A Brighton-based film production company has been wound up by the High Court after misappropriating more than £3million of private investors’ funds.
Warlord Productions Ltd, a company which claimed to act as a co-producer of a film version of three Shakespeare plays, has been embroiled in a tragedy of its own, after failing to record, manage or account for funds received from private investors.
A confidential investigation by Company Investigations, part of the Insolvency Service, has found sufficient grounds to close the company. The winding-up petition was presented under s124 of the Insolvency Act 1986 on 11 May 2015, and the subsequent winding-up order was made on 1 July 2015.
No accountability for company expenditure
The Insolvency Service’s investigation found that Warlord Productions Ltd had received close to £6million in funds from members of the public. However, after paying commission to third party broker firms of £3million, the investigation was unable to determine the purpose or the whereabouts of the remaining £3million.
Michael Cowan, the film production company’s former sole director, claimed the funds had been used to pay the production costs of the film, but he was unable to provide the investigators with adequate records or a satisfactory explanation when asked to do so.
Not only were there no adequate records to account for the company’s expenditure of the funds, but the latest financial statements prepared for the company also showed that Warlord was balance sheet insolvent as of 31 January 2014.
No-one to protect the investors’ position
As a result of the company’s failure to maintain accurate records of the funds it had received, the investigation was unable to identify the investors who paid the company in excess of £3million in funds. This complete lack of accounting records would have made it extremely difficult for the company to make payments to the investors once the film was finished and generating a profit.
Warlord Productions Ltd also made misleading and unsubstantiated claims to investors regarding a number of well-known actors who it claimed had agreed to appear in the film. It also did not own the rights to the film, and the responsibility for filming the production had been passed to another company.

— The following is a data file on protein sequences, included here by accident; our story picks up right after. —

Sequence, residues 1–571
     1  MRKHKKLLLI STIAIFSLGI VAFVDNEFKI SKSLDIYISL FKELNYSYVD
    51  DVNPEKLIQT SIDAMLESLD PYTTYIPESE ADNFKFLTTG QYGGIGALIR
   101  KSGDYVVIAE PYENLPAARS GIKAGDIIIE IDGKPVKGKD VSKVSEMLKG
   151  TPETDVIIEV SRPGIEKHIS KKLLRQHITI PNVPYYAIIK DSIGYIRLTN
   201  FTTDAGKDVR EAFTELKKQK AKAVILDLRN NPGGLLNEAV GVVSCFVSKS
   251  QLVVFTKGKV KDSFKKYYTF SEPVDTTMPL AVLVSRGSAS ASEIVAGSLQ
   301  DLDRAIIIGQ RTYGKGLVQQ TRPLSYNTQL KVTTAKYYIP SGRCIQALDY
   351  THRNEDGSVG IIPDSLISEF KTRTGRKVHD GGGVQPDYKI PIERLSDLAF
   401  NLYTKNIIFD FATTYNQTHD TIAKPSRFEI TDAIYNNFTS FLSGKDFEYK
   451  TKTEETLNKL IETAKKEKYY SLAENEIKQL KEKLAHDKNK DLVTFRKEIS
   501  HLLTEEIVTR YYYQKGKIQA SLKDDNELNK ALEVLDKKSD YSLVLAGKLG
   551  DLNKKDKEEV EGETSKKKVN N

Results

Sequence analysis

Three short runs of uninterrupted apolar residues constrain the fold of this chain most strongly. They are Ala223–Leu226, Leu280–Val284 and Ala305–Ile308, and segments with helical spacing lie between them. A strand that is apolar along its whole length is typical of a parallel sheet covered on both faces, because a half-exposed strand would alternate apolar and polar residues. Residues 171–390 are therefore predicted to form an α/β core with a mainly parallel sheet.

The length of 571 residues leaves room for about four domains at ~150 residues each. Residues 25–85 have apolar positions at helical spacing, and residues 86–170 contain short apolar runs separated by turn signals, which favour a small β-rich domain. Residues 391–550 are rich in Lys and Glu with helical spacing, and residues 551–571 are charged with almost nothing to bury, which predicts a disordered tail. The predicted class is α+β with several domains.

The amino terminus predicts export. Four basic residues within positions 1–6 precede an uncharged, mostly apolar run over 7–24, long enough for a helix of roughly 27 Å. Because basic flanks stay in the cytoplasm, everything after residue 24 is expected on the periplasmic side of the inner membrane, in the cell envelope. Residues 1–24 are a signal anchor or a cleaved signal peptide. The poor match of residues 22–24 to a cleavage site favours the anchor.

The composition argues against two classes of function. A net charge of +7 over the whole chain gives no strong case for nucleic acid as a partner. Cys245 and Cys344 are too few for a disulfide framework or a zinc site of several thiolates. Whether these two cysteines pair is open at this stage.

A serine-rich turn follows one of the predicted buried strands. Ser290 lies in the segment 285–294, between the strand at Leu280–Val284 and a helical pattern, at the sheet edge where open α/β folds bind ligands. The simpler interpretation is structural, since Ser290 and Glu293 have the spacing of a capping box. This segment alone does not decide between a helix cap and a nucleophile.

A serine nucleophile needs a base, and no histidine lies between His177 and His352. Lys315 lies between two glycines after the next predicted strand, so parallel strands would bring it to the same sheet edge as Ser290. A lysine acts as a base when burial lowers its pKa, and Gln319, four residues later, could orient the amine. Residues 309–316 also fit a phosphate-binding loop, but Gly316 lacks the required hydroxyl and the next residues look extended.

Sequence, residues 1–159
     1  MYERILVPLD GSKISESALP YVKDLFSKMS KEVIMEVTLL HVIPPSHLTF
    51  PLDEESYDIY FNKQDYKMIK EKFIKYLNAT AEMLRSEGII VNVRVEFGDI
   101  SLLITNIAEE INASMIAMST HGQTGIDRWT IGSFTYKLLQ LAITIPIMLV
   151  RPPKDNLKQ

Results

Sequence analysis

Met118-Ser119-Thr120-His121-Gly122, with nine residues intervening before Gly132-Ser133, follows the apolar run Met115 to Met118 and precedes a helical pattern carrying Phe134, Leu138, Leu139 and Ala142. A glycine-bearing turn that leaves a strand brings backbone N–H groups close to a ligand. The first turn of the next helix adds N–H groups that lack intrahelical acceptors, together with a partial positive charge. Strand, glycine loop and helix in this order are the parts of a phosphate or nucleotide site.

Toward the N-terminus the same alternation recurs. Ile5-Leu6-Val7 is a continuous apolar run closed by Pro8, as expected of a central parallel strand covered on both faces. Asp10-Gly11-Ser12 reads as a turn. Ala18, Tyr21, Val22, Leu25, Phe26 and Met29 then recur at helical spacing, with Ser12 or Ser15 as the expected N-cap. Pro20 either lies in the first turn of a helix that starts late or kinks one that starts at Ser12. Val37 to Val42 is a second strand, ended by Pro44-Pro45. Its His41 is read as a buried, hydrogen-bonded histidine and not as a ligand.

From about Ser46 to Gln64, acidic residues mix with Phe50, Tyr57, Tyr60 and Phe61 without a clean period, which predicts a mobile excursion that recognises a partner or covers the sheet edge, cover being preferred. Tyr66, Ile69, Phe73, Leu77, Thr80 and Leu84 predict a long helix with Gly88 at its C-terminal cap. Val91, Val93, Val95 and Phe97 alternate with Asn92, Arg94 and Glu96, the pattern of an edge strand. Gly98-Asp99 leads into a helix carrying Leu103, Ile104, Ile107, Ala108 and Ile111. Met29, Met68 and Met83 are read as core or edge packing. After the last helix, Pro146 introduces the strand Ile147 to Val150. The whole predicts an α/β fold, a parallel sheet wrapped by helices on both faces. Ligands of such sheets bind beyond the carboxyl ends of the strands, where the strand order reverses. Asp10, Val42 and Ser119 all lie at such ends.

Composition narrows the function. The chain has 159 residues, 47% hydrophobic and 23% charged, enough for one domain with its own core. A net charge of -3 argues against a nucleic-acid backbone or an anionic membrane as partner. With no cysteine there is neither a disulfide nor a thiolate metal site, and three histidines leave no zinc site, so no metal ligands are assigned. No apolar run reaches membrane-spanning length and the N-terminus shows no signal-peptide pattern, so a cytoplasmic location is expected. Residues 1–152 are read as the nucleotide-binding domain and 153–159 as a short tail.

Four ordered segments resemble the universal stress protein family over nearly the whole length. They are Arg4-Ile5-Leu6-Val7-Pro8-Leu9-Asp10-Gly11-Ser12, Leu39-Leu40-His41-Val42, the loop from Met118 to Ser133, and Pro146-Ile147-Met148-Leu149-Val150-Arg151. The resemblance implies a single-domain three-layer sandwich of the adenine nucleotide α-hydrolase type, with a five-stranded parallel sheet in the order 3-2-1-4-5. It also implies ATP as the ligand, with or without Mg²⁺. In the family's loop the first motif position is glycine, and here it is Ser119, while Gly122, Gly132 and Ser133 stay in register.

Throughout the investigation, the progress of the Company Investigation’s team was not only hampered by the dearth of financial records, but also by Mr Cowan’s assertions that he was the director of the company ‘in name only’, and that responsibility for the management of Warlord Productions lay elsewhere.
As a result of the seeming lack of company management, when Mr Cowan resigned from his position as director on 16 January, the company was left ‘abandoned’, with no-one left in office to protect the investors’ position.
A film company in name only
Welcoming the High Court’s decision to wind-up Warlord Productions, chief investigator David Hill, said: “This company appeared to be a film production company in name only as it seemed to do little or no ‘filming’ or ‘producing’.
“The Insolvency Service will investigate companies that are acting against the public interest and put them out of circulation.”
Warlord Productions Limited was incorporated as a private company on 29 January 2013, with Michael Cowan registered as its 100 percent shareholder and sole director. The winding-up order was made on 1 July 2015.
Companies must keep accurate records of all transactions undertaken and directors often overlook this important fact which can lead to serious issues if the worst happens. There are measures you can take if you are behind in record keeping but insolvent, so if you need advice on what to do call 0800 074 67575.
Written by: Mike Smith